- Understanding the changes in general lifestyle trends is key to understanding consumer needs and creating innovations.
- Current fashion is “anything goes,” with no single trend dominating style or defining a fashion or color season.
- Personal style currently rules in fashion, and women make choices regarding their appearance every day, reflected by beauty product choices on any given day.
- Makeup artists who work hand in hand with fashion brands are catalysts between fashion and beauty trends.
Women see fashion and beauty as one and the same thing, so says Maryelle Allemand, senior marketing project manager for creative trend forecasting agency, Carlin International.* She maintains that, among other things, a woman’s hair style, skin care and makeup are as important as her choice of clothes. “We see it when we look at old pictures,” says Allemand. “The emblematic look of the ’60s or ’80s is characterized by certain ways of wearing hair and makeup, along with the way people wear particular types of clothes. All these elements are like a vocabulary creating the ‘expression of femininity’ language.”
A key difference between now and 20 years ago is the easy availability of cosmetic procedures, such as Botox and fillers. Antoinette van den Berg, founder of cosmetics trend and product forecasting agency Future-Touch,* believes that this—along with the advent of digital photography and tools such as Photoshop—means that women can change their appearance at a whim. “It’s no longer about having a real image but something that has been worked on,” she maintains.
Looking back at 20 years ago, fashion trends were more easily defined. Everyone remembers the big hair, “power shoulders” and dark kohl-rimmed eyes of the 1980s. These days, anything goes and there is no longer a single trend or a single season for fashion or color. “At any one time, there are a number of different trends in fashion,” says Allemand. “As a result, there are no more strong dictates as in past decades. And that is the same for beauty. It’s the result of an increasingly individualistic society since the 1990s.”
The environment is another key change in the last 20-year period. “The restrictions on the use of raw materials can sometimes [make global beauty marketing difficult] due to different rules and regulations across the world,” says van den Berg. She has worked with beauty product brands wanting to produce one global collection, but because certain ingredients cannot be universally used, the number of products is limited.
The natural trend is also exercising the minds of the formulators in a way many would not have dreamt possible 20 years ago. “But it does not always follow that natural is better than synthetic. For example, mica is a purer substance than other natural alternatives,” says van den Berg. “We have to be realistic and use ingredients in an intelligent way.”
Other Avenues of Inspiration
The fashion industry is just one area of inspiration for beauty brands. “We often spot a trend first in the arts, then design and architecture before moving into fashion,” says Allemand, citing the example of electric blue, which is appearing in color cosmetic ranges such as OPI’s cobalt blue, part of its spring/summer collection 2010.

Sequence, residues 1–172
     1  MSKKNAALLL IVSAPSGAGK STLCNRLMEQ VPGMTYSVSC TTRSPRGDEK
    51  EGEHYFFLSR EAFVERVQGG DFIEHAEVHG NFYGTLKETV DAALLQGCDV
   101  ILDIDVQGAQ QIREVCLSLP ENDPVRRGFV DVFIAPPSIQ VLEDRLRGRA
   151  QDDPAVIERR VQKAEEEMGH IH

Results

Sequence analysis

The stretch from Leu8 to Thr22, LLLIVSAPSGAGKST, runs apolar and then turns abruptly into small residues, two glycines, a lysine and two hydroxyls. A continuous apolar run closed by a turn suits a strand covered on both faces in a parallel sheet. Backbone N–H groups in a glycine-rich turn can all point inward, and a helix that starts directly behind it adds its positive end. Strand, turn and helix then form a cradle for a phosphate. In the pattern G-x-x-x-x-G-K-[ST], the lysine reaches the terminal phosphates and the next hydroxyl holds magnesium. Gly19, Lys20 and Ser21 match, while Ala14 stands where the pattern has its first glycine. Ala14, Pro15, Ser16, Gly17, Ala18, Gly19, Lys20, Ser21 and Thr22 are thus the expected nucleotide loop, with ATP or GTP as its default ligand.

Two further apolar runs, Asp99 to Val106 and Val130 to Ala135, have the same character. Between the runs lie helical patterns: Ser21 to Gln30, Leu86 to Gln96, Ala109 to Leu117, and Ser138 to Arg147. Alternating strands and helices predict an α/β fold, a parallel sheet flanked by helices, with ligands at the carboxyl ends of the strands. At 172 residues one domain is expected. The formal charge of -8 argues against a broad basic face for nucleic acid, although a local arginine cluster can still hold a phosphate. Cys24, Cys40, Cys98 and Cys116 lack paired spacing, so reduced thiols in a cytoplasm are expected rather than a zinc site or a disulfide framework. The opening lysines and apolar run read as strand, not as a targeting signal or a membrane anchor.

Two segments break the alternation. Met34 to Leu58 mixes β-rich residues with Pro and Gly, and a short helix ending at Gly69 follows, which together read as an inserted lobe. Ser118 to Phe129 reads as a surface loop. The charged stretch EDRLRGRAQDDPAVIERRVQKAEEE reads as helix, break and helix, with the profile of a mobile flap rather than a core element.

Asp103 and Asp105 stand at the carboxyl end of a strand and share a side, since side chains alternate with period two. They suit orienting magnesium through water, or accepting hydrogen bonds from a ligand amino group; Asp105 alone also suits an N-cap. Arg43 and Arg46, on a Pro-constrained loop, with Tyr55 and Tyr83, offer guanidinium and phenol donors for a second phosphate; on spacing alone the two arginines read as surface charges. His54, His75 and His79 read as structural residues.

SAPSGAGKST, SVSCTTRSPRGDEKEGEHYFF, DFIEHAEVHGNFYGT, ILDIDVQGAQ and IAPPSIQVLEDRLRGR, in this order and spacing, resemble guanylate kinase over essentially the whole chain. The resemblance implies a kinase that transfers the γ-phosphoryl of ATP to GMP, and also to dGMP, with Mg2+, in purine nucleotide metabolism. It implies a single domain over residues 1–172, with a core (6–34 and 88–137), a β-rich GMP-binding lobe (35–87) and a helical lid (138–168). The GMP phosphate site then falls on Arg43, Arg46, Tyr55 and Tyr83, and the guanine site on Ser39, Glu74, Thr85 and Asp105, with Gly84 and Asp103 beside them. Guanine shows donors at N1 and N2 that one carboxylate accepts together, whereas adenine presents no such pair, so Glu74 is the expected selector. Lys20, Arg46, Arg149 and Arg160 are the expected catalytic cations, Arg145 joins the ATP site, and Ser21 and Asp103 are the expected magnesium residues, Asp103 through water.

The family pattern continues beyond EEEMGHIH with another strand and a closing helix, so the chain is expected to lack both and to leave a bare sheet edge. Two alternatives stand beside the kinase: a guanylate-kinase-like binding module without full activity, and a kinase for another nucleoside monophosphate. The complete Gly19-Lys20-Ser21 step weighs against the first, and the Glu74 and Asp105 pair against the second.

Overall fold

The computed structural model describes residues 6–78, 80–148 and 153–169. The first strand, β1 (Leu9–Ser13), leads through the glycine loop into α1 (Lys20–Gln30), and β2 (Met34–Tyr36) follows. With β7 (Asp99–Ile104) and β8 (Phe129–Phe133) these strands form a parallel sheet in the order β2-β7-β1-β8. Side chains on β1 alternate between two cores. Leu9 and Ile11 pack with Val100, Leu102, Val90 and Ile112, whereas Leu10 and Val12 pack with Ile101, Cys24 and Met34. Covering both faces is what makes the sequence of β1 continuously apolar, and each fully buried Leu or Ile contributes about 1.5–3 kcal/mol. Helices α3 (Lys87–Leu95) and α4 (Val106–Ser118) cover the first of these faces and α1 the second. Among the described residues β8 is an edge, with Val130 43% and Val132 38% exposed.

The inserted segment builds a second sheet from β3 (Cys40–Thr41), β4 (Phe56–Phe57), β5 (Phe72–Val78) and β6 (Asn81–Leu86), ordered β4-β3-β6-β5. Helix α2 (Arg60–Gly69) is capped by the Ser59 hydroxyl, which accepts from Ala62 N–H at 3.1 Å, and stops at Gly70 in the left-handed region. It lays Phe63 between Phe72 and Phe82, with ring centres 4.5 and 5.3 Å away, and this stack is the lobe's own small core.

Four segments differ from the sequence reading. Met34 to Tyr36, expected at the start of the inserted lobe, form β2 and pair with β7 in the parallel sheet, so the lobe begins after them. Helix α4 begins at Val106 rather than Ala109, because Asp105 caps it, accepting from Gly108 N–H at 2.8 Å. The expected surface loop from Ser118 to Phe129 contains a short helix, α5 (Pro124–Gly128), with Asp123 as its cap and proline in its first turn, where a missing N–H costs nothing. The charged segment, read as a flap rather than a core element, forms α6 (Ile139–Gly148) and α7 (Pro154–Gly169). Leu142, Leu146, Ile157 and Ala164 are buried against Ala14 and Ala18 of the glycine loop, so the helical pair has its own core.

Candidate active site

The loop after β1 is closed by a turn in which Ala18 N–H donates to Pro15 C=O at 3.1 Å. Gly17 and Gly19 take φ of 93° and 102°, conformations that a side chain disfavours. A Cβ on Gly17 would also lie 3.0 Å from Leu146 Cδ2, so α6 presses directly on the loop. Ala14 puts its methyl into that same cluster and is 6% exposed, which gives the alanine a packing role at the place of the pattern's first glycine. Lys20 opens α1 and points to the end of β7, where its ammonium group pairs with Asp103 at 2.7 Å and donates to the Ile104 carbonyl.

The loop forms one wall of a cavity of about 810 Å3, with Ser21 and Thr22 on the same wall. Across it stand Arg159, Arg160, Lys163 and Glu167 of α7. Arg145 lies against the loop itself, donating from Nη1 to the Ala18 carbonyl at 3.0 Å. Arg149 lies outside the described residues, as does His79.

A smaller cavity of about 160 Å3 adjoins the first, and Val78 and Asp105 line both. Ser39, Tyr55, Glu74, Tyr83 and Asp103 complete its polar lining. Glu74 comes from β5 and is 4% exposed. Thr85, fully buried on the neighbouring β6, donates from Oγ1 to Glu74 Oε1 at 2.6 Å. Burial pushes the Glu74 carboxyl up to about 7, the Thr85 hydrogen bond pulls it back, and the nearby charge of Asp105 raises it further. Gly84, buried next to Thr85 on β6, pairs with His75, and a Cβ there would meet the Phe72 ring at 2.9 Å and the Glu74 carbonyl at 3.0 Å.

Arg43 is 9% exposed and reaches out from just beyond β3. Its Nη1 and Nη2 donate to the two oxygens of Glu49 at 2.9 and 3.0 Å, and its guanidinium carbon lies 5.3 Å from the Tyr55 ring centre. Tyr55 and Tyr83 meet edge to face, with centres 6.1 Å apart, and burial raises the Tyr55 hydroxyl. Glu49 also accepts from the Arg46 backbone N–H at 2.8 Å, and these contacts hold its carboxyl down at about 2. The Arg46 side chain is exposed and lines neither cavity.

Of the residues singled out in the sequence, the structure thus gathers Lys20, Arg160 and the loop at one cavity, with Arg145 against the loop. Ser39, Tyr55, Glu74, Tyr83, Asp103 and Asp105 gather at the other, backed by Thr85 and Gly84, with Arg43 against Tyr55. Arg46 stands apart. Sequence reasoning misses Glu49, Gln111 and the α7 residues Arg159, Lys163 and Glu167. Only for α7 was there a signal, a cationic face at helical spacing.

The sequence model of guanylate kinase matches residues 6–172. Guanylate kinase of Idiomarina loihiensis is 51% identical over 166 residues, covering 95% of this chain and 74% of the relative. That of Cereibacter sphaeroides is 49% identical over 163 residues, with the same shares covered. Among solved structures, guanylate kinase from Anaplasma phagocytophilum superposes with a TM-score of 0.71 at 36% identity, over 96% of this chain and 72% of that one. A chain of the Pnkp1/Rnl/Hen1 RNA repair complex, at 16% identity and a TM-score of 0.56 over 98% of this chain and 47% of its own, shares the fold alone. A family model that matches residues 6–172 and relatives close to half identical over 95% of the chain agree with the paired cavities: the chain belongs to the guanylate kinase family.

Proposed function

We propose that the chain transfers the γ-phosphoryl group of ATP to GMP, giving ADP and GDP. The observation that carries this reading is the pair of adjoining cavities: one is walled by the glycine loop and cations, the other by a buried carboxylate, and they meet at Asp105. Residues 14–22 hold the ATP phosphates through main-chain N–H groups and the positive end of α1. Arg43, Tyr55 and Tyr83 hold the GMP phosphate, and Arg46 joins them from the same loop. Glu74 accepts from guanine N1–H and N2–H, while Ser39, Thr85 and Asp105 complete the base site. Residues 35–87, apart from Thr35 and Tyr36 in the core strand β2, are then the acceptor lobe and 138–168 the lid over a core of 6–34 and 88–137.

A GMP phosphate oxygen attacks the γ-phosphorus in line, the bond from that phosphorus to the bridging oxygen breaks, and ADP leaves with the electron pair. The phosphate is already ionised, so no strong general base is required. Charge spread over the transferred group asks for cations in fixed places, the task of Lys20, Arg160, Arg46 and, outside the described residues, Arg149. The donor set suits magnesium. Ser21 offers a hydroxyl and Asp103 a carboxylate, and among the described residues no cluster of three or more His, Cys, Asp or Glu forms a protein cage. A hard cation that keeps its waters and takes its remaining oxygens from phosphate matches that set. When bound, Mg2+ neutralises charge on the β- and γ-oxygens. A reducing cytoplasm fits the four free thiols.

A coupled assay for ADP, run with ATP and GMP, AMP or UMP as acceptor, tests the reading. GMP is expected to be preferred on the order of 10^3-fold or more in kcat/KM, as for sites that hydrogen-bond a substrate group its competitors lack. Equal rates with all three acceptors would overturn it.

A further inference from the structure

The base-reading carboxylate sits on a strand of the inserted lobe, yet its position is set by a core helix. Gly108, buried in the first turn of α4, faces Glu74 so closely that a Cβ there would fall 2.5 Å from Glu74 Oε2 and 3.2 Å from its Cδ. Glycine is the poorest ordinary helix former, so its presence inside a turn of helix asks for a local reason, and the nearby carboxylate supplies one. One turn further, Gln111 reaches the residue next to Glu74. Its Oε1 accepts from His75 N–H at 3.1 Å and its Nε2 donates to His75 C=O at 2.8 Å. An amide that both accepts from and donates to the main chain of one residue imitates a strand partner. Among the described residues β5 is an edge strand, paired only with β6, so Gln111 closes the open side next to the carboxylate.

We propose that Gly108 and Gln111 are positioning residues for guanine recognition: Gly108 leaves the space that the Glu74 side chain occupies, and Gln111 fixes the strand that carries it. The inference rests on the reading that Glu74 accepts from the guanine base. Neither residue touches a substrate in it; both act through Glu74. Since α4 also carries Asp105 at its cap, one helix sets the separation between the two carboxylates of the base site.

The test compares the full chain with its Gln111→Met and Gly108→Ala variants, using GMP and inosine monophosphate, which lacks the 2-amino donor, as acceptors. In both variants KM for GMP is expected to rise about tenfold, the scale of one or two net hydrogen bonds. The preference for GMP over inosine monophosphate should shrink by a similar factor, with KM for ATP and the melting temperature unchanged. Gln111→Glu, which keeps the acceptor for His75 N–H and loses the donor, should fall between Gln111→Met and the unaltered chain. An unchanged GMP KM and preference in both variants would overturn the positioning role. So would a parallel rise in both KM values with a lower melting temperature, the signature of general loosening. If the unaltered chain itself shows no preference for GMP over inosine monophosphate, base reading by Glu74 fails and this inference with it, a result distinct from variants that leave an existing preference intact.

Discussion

Van den Berg agrees that fashion and beauty are linked, but maintains that there are also important differences. “Cosmetics trends are strongly different to those in fashion, which has two seasons each year. This is not the case for cosmetics. Beauty companies should realize that they are an industry of their own and not a translation of fashion.”
She notes, for example, that black clothes are currently out of fashion but black nail varnish is very trendy. “Future-Touch is also talking about the use of eye shadow outside the classical area, for example on the cheeks, and that is not fashion-influenced. Fashion’s influence is from the models and the way they wear it, not the clothes.” Van den Berg believes a strong influence is from makeup artists who work hand in hand with fashion brands. “What they do is reflect what’s hot in fashion, not necessarily translate it literally,” she says. “For example, if I see a yellow mini dress in Vogue, it doesn’t necessarily mean there will be a trend following for yellow eye shadow.”
More importantly, beauty brands need to understand the choices women make with regard to their overall appearance. Allemand calls it a reflection of the time, this famous “air du temps.” When you know how to “read” trends and find the sometimes unconscious desires behind any given style, keys to timely and successful beauty and color launches that complement fashion are revealed. “[This ability] allows brands to offer the ‘idealized’ image women want,” Allemand says.
“Fashion is part of women’s lives, and the aim with trends is to understand the drivers of their lifestyles. By catching fashion movements and changes, companies get a deeper understanding of women’s wants and desires,” concludes Allemand.
Imogen Matthews is a consultant to In-cosmetics. For more information, contact www.imogenmatthews.co.uk.